I joined fellow teacher and colleague, Coach Neil Borel, down in Grand Isle for a couple of days worth of fishing. I heard the water had been beautiful last week and the fishing was good in the surf on the island. Well, of course, that would all change if I went down there 🙂
I got a somewhat late start (left Baton Rouge at 5 AM) but was on the water in my kayak a bit north of Grand Isle in a new area that I wasn’t familiar with. The water was high and still rising but disturbing to me was the visibility was not very good – maybe 6 – 8 inches at best because I couldn’t see the tip of my bright yellow paddle in the water. The marsh was full of bait (mostly mullet) as I stood up and push poled my way through what looked like very “fishy” water. After about 20 minutes I spooked something along the bank that was not a mullet. The huge torpedo-like wake was a telltale sign of what was to follow for the next 30 minutes or so. A short distance later and the morning stillness was shattered by the sound of something big crashing bait up against the bank. I spotted the redfish and noticed that it was moving parallel to the marsh grass. I quietly paddled in an effort to intercept its path but I lost the darned thing. Not a problem, because about 70 feet ahead of me was another larger commotion on the edge of the marsh. This time the reds were heading toward me. I think there were about three of them in a pod which seemed to be nosing themselves in the marsh grass, which would send shrimp scurrying out into the open where they would be picked off by the hungry redfish.
I made a well-placed cast of one of my gold and pink spoon-flies and bam, I fish on! While I was fighting the 24-inch leopard red (it had 10 spots), I noticed that the pod kept going down that stretch of marsh, so I took a mental snapshot of the direction they were heading while I took a snapshot of the pretty redfish I had just landed.
After I iced my first fish down, I was quickly on another redfish. It measured in at 16 inches but I was still noticing several larger-sized fish working the area. So, I quickly put a tag in it, released it and continued my stealthy search for the other reds. That’s when I noticed that the area suddenly went quiet. It was like someone turned a switch on…or off in my case. I push-poled my way further down this little stretch of marsh and noticed that it was a dead end canal that got very shallow and there was grass in it. Remember, the visibility was still quite bad but in this ultra shallow water I was mesmerized by the sight of a large stingray. I curiously cast my spoon-fly in front of the stingray to see if it was interested. I definitely didn’t want to hook it…only see if it was interested in the fly. Well it wasn’t but what else came curiously by was another nice redfish. It passed me up and didn’t see me. After a couple of excited, bad casts, I was able to get the fly in the classic two feet ahead and two feet above eating zone and watched the bronzed beauty flare its gills and inhale the fly.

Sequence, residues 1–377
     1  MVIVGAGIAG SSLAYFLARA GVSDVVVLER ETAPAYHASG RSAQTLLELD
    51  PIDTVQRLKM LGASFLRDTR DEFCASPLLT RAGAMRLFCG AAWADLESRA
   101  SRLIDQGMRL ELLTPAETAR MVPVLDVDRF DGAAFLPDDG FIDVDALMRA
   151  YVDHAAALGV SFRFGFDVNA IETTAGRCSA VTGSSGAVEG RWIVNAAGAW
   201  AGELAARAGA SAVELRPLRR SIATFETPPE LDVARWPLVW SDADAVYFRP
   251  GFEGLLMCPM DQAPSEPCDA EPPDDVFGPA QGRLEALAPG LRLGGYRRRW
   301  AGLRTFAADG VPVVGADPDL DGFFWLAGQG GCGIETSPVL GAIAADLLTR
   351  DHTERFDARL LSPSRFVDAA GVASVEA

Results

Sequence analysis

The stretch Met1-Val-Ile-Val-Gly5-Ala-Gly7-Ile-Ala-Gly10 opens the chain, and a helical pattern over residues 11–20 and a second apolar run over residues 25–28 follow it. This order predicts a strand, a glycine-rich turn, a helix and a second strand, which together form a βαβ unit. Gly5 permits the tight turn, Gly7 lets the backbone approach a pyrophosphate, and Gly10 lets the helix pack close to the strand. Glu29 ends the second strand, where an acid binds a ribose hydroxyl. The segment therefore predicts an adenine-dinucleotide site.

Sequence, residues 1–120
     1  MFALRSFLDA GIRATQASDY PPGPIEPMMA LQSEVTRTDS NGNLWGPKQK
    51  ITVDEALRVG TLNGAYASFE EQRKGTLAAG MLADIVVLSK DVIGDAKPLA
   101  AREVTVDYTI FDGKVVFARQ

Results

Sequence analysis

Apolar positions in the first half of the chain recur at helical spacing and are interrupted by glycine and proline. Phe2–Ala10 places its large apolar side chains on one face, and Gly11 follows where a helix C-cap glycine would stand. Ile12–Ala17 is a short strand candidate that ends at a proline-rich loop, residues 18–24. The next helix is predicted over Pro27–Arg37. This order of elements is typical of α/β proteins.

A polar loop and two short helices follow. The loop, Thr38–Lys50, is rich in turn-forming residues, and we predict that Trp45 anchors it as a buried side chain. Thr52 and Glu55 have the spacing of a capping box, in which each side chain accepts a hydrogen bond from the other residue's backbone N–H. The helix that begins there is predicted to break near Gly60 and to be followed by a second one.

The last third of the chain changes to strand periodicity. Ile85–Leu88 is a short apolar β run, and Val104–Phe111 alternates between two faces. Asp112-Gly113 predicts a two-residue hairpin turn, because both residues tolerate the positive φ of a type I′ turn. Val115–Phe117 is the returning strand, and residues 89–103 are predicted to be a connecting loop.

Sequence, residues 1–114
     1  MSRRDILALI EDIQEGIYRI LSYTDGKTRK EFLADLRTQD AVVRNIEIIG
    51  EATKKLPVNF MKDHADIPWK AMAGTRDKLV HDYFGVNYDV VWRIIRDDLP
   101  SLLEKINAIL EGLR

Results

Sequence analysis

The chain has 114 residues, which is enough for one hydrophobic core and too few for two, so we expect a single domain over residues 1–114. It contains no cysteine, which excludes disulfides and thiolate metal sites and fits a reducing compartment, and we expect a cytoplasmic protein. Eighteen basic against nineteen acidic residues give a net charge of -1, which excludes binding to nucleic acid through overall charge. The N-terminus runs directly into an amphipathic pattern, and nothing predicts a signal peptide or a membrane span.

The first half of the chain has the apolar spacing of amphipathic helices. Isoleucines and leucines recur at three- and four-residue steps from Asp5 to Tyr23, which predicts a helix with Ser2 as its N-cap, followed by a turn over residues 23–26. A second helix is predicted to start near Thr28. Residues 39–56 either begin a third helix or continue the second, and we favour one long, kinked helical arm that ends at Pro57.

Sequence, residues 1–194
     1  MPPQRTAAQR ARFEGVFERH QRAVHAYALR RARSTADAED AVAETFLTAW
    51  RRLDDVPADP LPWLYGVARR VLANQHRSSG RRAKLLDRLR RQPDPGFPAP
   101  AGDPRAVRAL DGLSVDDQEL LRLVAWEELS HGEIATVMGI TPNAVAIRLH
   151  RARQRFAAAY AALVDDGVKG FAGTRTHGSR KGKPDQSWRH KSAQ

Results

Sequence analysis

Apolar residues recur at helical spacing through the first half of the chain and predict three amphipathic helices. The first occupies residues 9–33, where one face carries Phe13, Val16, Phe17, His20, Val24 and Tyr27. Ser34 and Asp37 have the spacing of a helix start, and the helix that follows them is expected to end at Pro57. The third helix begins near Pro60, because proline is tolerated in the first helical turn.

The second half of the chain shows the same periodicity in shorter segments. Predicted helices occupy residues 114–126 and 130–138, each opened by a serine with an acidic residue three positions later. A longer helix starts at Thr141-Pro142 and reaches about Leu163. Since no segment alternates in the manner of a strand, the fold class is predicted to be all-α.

Now this is where I usually have to report on my fishing report about how I set the hook too hard and the fish broke off…no, NOT this time! I’ve learned to be patient, to make a short strip set, and then let the fish take off before really sending the hook-point “home.” Five minutes later and I had another 24-inch redfish in the box.
The morning bite stopped and I think I saw only one more redfish or two (both were spooked and I didn’t even get to cast a fly at them). I did notice some gulls diving quite a bit away from me in a large bay so I decided to make that paddle over to them. I tried a topwater popper on them but not takers. I noticed that the gulls were eating small shrimp, so I switched flies to a chartreuse Charlie under a VOSI. On my third cast something big annihilated my strike indicator! Two seconds later and I had a big fish on. I never saw the fish but when I got my fly back to me, I saw the tell-tale fish slime that meant I had had an encounter with a sail cat. I caught and released 6 undersized speckled trout before deciding to head in.
Neil and I decided to fish the Gulf side of the island by the rocks the next morning. After waiting out a rain shower we got an unusually late start. Neil fished with live shrimp and I brought my bait caster and a fly rod. It wasn’t until around 11 AM before I got my first fish, an undersized trout on the Charlie. I continued to catch a few specs here and there and a frustrated Neil decided to call it a morning after catching a dozen nasty hardheads. I was contemplating a good lunch and an air-conditioned camper when my strike indicator (VOSI) went down. This time, I could tell that it wasn’t a “dink” trout and I was right. The trout circled my kayak before I netted it. It was a 16 inch fish and it was an upgrade to my Massey’s CPR Tournament.
I couldn’t catch another speckled trout over 12 inches so I decided to call it a morning a little after noon. I went out later that afternoon to make an evening trip but I got “skunked.”
I can’t complain though, because I had a wonderful time on the island with a good friend. It seems that every weekend is a “rodeo” weekend and this weekend was the Creole Classic Fishing Rodeo. There were plenty people around, plenty of food, drink, music…and, well you get the picture. I wasn’t going to be able to make the three-hour drive back home Friday night. 🙂 I got up early Saturday morning and made the trip home, making a brief visit with my mom and dad for coffee and conversation. Perfect!